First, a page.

Sugar has become the bane of our society and the sad part is, so many people have no idea what kind of damage it does inside our bodies. At almost 130 grams of sugar per person (PER DAY!), America is by far the highest consumer of dietary sugar in the world.
Think about this.. 130 grams of sugar is the equivalent of about TEN SPOONFULS and the average American eats that every day! It’s no wonder conditions like obesity, cancer, and diabetes are some of the most prevalent chronic diseases in the US. That being said the strategies outlined in this article could change the trajectory of millions of lives.
Causes of Sugar Cravings
There are a number of different mechanisms why one would have sugar cravings throughout the day. The most common underlying triggers for this include blood sugar imbalances due to a poor diet or large feeding gaps throughout the day.
HPA axis dysfunction is what happens when we are under a tremendous amount of stress. For many this stress leads to a desire for sugar. Most of us have experienced emotional eating crisis as well when we looked for sugar to help us cope with certain emotions such as loneliness, sadness or depression.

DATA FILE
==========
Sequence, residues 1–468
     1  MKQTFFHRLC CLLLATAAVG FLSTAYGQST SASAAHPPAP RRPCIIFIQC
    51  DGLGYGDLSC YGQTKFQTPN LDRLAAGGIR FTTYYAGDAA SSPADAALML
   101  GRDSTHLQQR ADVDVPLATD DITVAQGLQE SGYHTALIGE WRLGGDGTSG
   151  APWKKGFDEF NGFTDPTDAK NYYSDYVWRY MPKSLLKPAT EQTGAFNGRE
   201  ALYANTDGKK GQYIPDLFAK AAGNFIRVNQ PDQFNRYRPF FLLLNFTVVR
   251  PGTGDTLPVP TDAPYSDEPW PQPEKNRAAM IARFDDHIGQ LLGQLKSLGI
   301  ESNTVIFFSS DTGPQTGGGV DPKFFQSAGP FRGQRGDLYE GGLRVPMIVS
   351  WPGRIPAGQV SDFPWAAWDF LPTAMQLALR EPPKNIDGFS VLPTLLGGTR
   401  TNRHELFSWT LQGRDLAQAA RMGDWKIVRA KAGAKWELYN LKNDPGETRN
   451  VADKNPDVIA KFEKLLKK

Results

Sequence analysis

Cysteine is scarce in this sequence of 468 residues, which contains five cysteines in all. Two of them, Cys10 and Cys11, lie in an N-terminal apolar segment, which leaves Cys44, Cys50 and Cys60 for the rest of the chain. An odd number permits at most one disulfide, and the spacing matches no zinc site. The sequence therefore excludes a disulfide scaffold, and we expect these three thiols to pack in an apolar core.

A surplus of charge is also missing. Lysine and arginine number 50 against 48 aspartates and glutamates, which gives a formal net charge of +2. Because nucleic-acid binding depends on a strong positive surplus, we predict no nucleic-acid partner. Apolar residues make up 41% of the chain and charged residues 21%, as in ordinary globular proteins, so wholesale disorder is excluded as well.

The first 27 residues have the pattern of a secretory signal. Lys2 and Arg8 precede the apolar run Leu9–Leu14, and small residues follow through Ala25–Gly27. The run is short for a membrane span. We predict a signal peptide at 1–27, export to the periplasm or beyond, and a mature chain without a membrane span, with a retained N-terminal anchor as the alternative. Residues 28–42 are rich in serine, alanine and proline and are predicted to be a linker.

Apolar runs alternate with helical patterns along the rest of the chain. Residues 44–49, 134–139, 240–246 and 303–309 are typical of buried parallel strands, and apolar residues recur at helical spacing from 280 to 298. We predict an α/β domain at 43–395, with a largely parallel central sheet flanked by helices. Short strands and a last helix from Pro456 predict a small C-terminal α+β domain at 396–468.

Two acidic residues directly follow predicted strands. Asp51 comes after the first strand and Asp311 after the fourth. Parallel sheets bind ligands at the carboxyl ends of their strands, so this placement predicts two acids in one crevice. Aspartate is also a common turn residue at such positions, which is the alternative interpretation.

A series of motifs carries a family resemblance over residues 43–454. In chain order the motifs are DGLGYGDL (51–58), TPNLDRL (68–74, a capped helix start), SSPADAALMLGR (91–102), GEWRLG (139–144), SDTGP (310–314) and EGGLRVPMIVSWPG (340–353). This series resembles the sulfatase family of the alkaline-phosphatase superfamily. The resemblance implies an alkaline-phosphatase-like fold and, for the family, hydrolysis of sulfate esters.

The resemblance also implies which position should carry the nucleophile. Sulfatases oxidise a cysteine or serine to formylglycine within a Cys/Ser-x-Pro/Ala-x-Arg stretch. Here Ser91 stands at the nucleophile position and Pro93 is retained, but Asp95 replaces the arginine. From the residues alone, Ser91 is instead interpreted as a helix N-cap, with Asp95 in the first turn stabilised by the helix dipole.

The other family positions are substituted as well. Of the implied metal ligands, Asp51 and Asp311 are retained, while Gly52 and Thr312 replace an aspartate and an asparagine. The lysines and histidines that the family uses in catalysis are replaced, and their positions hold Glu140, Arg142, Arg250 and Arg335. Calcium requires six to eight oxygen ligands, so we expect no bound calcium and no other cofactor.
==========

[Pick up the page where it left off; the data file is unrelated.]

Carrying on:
Blood Sugar Imbalance
Consumption of sugar-rich foods by our ancestors was much different from the present. Sweets were consumed only on occasion and in much lower quantities. Today it seems like if we don’t get a constant flow of it we can’t function properly. The average American consumes upwards of 150 LBS of sugar per year and about 50% of Americans consume ½ a pound of sugar every day.
High doses of sugars throughout the day sends blood sugar levels on a rollercoaster that should optimally remain relatively stable. Consistently spiking blood sugar levels also results in chronically elevated insulin which contributes to inflammation, hormone imbalance, weight gain, and yes, more sugar cravings.
Additionally, it’s possible to develop something called reactive hypoglycemia. This occurs because of a rapid drop in blood sugar that occurs only a few hours after consuming a sugar-rich meal. Symptoms of this include irritability (feeling hangry), weak muscles and fatigue (1).
Following this crash we go into emergency food-seeking mode. Unfortunately, if we’re not conscious of what is going on, the food sought out tends to be another sugar bomb that restarts the cycle.
HPA Axis Dysfunction
The body contains an extensive amount of regulatory systems to keep itself healthy. One that has received a lot of attention in recent years is the HPA axis. The HPA axis consists of the hypothalamus, pituitary gland, and the adrenal glands (which are responsible for regulating stress).